Running a Web Site in Kiosk Mode with C#


This article addresses a simple approach to supporting the display of a website in kiosk mode using a simple Win Forms application. Kiosk mode is used to display the contents of a web page without the browser controls visible. The notion for doing something like that is that one can use a website to display some specific information to a user without allowing the user to navigate away from the website. For example, if one needed to display a building map in the lobby of a business or allow a user to investigate a product line and place a sales order from a mall display, a kiosk might be just the ticket.

Naturally, as with anything, there are problems with keeping a user locked onto a page or set of pages on the site. Most of these are easily handled, but the design of the site has to be carefully considered in advance (for example, one would not want to display advertisements that would allow the user to link off to a different website). Of course, if the user has a keyboard, it might be a good idea to disable certain hotkey combinations to prevent the user from opening a new browser window or closing the current browser window. One may even need to violate the default security policy on the machine to prevent the user from opening the task manager or start menu. This example addresses disabling hotkey combinations that don't violate SAS; however, if it is necessary, one can investigate making registry changes or other alternative methods for disabling CTRL+ALT+DEL and CTRL+ESC, including third-party controls or the MSGina.DLL (which I understand to no longer work with Vista).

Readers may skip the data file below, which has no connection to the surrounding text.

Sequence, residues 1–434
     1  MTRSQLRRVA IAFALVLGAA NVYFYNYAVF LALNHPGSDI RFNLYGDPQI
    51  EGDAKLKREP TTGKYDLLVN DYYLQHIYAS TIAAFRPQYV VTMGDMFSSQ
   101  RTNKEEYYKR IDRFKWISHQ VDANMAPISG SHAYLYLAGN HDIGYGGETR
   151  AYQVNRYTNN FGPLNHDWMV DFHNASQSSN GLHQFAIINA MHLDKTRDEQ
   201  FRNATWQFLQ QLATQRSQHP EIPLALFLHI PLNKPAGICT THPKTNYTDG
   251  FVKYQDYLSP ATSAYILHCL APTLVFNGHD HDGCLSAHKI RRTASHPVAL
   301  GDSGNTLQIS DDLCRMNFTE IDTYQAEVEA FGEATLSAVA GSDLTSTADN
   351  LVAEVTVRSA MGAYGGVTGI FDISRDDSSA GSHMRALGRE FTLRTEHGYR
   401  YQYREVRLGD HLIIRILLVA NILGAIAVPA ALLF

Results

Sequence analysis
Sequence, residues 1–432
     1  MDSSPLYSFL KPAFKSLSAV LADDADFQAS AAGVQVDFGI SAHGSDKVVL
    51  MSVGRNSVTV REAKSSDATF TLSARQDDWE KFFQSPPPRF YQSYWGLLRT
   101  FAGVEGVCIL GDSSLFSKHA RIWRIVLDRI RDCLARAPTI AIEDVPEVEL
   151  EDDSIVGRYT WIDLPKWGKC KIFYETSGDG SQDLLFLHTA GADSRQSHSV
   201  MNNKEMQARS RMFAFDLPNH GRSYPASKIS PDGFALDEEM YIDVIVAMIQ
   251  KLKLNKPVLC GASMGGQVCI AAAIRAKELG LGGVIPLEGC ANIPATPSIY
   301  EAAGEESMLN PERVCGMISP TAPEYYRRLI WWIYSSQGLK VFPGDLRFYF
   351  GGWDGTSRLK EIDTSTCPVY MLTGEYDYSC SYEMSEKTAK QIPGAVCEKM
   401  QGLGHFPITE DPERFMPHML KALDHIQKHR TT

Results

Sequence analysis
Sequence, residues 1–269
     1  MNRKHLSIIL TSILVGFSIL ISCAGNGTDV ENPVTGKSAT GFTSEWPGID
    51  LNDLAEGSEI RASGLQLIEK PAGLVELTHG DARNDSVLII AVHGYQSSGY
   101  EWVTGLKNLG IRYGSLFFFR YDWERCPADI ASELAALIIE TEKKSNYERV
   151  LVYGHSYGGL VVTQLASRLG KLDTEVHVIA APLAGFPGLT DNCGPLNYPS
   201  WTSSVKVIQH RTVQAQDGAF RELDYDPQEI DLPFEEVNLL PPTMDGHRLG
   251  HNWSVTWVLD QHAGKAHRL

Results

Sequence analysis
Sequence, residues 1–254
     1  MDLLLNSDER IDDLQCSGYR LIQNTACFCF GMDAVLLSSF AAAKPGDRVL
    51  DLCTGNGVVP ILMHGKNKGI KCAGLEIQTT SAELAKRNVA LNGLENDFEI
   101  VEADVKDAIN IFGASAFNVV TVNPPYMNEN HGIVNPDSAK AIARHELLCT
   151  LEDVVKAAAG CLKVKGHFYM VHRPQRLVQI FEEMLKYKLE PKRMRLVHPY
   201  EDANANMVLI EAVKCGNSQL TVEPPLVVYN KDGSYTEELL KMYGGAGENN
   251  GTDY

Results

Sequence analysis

A better answer might be to investigate the use of a touch interface, a touch interface virtual keyboard, or a kiosk keyboard that will not permit a user to input such key combinations; the easiest way to keep a user from messing around with the operating system and other applications on the machine is, of course, be to remove the standard keyboard from the equation.

An alternative to kiosk mode websites would be to use full-screen win forms applications; the same issues still apply in terms of CTRL+ALT+DEL and CTRL+ESC, but they can be managed differently; for example, one could use key previews to block certain key combinations from going through.

 demonstrationapplication running

Figure 1. The demonstration application running

Website in Kiosk Mode

Figure 2. Displaying a Website in Kiosk Mode

Getting Started

In order to get started, unzip the included project and open the solution in the Visual Studio 2008 environment. In the solution explorer, you should note these files (Figure 3).

Solution Explorer

Figure 3. Solution Explorer

The Main Form (frmKioskStarter.cs)

The main form is the only form contained in the application; all of the application-specific code required to display the website in kiosk mode is contained in this form, as is all of the code used to block certain hotkey combinations. The code shows how to shut down many of the browser-related hotkey combinations but does not do anything to violate the default security policies of the machine.

The code is pretty simple. If you'd care to open the code view up in the IDE, you will see that the code file begins as follows.

using System;
using System.Collections;
using System.ComponentModel;
using System.Data;
using System.Drawing;
using System.Text;
using System.Windows.Forms;
using System.Runtime.InteropServices;